Hopefully, legislators will do the right thing and follow the ABA's advice.  Otherwise, give it some time and we will see medical malpractice move up from the third spot in the list of causes of death. 

Saturday, June 10, 2017

Florida Supreme Court strikes down statute imposing caps on medical malpractice cases -- UPDATED

The TortsProf blog is reporting that a sharply divided Florida Supreme Court recently struck down a 2003 statute that imposed a cap on non-economic damages in medical malpractice cases.  The court concluded that "the caps on noneconomic damages … arbitrarily reduce damage awards for plaintiffs who suffer the most drastic injuries” and that "because there is no evidence of a continuing medical malpractice insurance crisis justifying the arbitrary and invidious discrimination between medical malpractice victims, there is no rational relationship between the personal injury noneconomic damage caps … and alleviating this purported crisis. Therefore, we hold that the caps on personal injury noneconomic damages … violate the Equal Protection Clause of the Florida Constitution.”

I agree this is the correct decision which is, of course, good news for victims of medical malpractice in Florida.  Unfortunately, as reported here over the last few weeks, many other jurisdictions are heading in the opposite direction, looking for ways to make it more difficult for victims to be able to recover for their injuries.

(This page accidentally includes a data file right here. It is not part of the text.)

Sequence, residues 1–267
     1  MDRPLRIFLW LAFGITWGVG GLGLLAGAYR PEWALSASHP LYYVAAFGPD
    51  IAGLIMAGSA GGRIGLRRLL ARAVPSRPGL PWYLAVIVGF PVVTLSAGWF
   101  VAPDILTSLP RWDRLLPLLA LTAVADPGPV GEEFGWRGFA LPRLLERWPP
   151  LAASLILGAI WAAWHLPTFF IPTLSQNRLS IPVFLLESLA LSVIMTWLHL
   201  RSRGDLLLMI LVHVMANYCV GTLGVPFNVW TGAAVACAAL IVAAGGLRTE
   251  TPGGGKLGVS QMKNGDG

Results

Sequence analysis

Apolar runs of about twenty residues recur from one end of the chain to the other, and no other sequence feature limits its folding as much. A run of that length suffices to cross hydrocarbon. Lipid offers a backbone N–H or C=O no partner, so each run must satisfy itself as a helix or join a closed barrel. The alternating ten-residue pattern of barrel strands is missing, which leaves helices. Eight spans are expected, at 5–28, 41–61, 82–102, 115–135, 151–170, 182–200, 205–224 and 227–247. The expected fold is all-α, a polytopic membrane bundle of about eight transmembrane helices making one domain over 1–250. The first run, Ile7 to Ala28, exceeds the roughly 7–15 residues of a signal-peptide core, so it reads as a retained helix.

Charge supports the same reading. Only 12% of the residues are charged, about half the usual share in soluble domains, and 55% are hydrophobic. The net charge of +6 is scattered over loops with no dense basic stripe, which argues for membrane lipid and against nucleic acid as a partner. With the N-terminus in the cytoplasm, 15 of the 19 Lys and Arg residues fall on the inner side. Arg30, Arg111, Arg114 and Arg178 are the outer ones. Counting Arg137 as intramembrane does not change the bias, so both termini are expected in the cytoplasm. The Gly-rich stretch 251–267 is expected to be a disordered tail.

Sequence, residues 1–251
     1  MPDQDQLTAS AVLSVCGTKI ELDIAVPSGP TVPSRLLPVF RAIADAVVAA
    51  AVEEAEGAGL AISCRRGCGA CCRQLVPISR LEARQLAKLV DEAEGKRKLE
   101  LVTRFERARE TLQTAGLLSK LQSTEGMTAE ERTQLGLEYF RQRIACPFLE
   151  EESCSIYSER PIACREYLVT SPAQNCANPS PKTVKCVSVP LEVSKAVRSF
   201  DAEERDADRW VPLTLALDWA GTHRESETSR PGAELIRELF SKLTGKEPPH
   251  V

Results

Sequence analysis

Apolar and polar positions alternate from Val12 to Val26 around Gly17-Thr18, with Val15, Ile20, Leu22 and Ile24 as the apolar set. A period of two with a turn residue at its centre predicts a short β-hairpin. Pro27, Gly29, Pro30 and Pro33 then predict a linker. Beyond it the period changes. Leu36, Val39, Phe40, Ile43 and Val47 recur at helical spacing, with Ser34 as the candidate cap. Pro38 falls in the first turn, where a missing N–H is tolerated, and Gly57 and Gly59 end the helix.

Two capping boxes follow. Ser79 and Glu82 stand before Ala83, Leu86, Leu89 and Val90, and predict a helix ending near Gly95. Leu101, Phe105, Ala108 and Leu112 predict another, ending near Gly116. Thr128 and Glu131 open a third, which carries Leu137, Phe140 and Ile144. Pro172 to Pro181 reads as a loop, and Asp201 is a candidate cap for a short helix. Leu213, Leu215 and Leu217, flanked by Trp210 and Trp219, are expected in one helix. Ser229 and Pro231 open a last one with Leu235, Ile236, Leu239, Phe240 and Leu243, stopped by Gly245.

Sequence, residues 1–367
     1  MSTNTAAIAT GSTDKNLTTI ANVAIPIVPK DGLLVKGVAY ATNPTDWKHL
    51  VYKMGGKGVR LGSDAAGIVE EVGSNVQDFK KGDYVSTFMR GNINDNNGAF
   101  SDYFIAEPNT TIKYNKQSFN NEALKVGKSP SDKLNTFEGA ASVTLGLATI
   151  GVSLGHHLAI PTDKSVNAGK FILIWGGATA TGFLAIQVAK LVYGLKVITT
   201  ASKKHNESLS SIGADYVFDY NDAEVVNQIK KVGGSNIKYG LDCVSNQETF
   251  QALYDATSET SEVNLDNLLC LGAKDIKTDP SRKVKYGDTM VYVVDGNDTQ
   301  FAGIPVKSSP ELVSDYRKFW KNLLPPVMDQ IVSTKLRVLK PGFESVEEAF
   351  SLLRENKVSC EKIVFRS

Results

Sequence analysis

UPDATE 6/18/17:  AboutLawsuits has a story here.

Sunday, June 4, 2017

Article on the Trump administration and tort reform

Over at HuffPost, Joanne Doroshow, executive director of the Center for Justice and Democracy at NYU Law School, has posted a short article on the Trump administration's policies as they relate to tort reform and medical malpractice issues.  You can read the article here.

Monday, May 29, 2017

Nearly a third of drugs approved by the FDA between 2001 and 2010 had major safety issues

A prevalent argument used by the pharmaceutical industries in product liability cases is that the courts (and the judicial system) are not the proper venue to determine whether prescription drugs are dangerous. According to the argument, that type of decision should be left to the "experts" - in this case, to the FDA.  Plaintiffs and consumer advocates counter that the FDA is not efficient in its work and that, if anything, the best plan is to have a combination of mechanisms to improve the safety of the products in the market.

A new study by the Yale School of Medicine now provides support for those who argue that the FDA procedures are not particularly adequate when it comes to determining the safety of prescription drugs.  It found that nearly a third of those approved from 2001 through 2010 had major safety issues.  This information is particularly important now that the Trump administration has made it clear it prefers to eliminate regulation rather than strengthen it.

For more information on the recent study go here.